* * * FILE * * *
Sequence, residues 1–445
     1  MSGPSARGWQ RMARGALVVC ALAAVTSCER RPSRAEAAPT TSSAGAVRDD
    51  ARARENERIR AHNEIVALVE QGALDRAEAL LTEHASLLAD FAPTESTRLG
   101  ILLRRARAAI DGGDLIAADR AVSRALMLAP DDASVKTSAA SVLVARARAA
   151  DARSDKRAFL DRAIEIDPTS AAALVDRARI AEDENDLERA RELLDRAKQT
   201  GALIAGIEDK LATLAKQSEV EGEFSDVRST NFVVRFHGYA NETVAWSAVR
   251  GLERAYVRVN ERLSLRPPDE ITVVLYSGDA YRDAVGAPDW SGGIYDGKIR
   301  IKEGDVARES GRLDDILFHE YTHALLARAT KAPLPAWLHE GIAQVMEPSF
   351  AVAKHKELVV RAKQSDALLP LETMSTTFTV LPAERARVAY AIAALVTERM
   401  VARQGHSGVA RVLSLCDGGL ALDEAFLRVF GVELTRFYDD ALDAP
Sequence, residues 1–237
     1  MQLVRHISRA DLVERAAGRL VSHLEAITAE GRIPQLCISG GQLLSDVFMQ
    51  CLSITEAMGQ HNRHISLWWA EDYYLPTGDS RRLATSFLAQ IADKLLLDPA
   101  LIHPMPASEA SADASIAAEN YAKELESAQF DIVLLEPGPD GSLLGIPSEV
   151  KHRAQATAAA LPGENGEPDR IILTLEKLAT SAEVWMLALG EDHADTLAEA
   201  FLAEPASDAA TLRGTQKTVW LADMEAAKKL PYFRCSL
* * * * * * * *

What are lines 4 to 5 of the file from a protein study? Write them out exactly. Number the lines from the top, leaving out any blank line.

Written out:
   101  ILLRRARAAI DGGDLIAADR AVSRALMLAP DDASVKTSAA SVLVARARAA
   151  DARSDKRAFL DRAIEIDPTS AAALVDRARI AEDENDLERA RELLDRAKQT